The Poetry-Shell Matching Game of the Genroku Era: The Cherry Blossom Shell
(Genroku kasen kai-awase: Sakuragai)
porters resting, a woman in a palanquin smoking; signed Getchi rojin Iitsu hitsu (Moonstruck Old Man Iitsu), commissioned by the Yomogawa (Four Directions Group) for New Year 1821, Year of the Snake
shikishiban 7 5/8 by 7 in., 19.4 by 17.7 cm
In 1821 Hokuksai was commissioned by one of the most prestigious kyoka poetry groups, the Yomogawa (and two of its sub-groups), to produce a large series of thirty-six New Year surimono based on the subject of seashells. As it was the year of the Snake, the subject of shells is actually an allusion to the zodiac year by way of the goddess Benten, frequently depicted with her messenger, a white snake. Shrines devoted to Benten are usually situated near water, the most well-known of which is on the island of Enoshima, located near Kamakura on Sagami Bay east of Edo. Enoshima was a popular destination for day-trippers from Edo who would gather shells on the beaches or purchase souvenirs made from shells.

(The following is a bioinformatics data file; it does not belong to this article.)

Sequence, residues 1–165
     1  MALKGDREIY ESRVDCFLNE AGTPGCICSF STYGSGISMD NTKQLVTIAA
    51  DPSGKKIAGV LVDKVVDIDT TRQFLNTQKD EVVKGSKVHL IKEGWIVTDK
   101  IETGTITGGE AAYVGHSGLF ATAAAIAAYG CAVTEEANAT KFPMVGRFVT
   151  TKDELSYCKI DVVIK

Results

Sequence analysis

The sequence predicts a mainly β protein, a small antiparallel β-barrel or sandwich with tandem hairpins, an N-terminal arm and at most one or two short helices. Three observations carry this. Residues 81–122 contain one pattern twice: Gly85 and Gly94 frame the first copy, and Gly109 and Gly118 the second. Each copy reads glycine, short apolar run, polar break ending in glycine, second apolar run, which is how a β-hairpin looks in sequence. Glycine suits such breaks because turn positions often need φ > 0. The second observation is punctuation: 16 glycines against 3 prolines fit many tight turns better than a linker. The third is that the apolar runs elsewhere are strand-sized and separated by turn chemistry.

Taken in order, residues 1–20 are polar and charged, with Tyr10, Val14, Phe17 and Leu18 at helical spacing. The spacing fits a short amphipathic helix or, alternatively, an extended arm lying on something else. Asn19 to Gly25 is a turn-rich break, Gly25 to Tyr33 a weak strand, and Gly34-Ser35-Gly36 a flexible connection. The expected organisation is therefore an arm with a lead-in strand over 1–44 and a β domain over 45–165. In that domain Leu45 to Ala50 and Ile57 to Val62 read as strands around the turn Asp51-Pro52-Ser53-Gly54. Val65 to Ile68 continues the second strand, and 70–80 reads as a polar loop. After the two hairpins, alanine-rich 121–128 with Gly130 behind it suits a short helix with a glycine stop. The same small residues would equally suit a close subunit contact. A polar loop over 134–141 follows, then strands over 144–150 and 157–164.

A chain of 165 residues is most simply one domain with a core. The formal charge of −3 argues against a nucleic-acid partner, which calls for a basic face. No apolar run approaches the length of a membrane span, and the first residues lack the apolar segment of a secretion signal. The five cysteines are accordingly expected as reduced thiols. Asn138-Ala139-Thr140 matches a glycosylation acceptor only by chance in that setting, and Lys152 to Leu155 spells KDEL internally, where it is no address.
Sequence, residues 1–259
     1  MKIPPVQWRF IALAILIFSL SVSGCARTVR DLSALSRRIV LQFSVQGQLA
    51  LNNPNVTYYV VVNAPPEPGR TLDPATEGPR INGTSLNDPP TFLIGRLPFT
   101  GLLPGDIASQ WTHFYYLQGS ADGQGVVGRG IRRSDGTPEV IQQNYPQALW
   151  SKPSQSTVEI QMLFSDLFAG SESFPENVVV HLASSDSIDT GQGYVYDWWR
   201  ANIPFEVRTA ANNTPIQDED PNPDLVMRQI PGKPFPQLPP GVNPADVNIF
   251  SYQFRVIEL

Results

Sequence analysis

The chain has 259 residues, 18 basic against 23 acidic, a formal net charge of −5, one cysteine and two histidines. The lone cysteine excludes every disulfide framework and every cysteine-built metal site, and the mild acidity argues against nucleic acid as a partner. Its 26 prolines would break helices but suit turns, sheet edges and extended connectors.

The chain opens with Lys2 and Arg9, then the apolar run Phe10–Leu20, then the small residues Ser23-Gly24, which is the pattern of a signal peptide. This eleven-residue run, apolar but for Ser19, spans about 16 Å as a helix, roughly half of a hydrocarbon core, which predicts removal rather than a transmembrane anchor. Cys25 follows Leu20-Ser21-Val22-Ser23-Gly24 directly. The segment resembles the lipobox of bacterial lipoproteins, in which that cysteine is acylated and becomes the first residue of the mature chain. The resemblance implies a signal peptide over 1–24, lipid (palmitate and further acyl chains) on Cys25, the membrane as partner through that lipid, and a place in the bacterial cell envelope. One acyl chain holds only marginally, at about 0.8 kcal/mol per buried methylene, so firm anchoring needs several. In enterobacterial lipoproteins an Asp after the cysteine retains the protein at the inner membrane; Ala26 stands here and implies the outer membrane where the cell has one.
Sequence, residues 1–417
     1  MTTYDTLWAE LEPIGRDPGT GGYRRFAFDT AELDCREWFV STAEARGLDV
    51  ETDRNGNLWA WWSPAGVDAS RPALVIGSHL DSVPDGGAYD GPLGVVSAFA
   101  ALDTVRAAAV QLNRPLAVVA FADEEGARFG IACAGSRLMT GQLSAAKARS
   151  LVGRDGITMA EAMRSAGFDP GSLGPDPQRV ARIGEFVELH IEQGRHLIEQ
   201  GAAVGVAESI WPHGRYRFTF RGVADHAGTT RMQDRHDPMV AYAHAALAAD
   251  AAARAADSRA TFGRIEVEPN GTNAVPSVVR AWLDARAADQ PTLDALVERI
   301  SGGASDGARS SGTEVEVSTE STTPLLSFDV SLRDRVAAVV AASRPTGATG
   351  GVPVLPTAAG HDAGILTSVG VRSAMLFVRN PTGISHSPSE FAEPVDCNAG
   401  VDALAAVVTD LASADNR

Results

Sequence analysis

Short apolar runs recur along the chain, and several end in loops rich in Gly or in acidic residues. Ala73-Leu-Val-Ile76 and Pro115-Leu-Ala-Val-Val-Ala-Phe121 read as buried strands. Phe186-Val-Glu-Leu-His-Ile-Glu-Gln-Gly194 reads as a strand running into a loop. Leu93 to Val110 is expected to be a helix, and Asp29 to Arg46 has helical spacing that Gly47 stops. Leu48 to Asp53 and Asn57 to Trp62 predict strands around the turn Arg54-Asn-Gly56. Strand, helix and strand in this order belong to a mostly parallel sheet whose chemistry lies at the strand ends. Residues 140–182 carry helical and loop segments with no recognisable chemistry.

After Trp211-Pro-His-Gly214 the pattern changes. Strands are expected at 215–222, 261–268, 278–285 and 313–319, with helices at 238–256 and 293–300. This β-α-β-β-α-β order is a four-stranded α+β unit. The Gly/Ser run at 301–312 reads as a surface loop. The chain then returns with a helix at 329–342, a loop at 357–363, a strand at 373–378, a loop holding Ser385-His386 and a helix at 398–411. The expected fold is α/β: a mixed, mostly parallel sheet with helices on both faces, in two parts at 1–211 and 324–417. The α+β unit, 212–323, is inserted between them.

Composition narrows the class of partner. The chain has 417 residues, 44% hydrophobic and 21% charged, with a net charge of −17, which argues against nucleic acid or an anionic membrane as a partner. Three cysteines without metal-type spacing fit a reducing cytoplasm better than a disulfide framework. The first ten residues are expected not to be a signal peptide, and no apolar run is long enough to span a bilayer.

The size and title of the series, Genroku kasen kai-awase, references an anthology published in 1689 (second year of the Genroku period) of thirty-six classical poems which mention a specific marine shell. Each print from Hokusai's series likewise features a specific type of shell illustrated and identified within a folding fan-shaped cartouche, and two poems which allude (some more obliquely than others) to that type of shell, often in the form of a pun.
Gian Carolo Calza, Hokusai: Il vecchio pazzo per la pittura, 1999, p. 252, no. V.7.3
Gian Carlo Calza, Hokusai, 2003, p. 238, no. v.7.3
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site last updated
September 17, 2019
Scholten Japanese Art
145 West 58th Street, suite 6D
New York, New York 10019
ph: (212) 585-0474
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